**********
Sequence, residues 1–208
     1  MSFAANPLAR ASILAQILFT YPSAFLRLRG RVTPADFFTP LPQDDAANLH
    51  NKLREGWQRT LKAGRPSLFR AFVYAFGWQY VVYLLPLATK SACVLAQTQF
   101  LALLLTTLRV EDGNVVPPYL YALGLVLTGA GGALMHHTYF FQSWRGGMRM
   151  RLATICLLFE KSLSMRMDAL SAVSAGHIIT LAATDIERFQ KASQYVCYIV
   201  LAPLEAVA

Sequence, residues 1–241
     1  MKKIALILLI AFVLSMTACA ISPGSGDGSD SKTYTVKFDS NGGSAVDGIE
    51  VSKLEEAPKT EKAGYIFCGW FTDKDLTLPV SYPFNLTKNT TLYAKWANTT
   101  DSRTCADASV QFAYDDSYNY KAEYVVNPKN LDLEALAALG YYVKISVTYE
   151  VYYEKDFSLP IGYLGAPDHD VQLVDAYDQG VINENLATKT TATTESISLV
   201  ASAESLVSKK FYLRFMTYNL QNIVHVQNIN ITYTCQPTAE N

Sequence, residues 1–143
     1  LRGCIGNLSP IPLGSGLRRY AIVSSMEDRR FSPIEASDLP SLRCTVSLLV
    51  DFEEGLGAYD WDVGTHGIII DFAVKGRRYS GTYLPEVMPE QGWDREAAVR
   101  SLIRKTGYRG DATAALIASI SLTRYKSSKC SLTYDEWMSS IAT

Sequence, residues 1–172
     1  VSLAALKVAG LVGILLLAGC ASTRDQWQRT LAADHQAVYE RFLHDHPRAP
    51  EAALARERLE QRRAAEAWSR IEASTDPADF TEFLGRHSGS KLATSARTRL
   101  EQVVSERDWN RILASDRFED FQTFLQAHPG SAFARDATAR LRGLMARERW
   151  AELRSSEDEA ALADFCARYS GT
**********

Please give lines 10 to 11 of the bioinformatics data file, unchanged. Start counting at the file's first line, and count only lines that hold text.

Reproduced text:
   101  DSRTCADASV QFAYDDSYNY KAEYVVNPKN LDLEALAALG YYVKISVTYE
   151  VYYEKDFSLP IGYLGAPDHD VQLVDAYDQG VINENLATKT TATTESISLV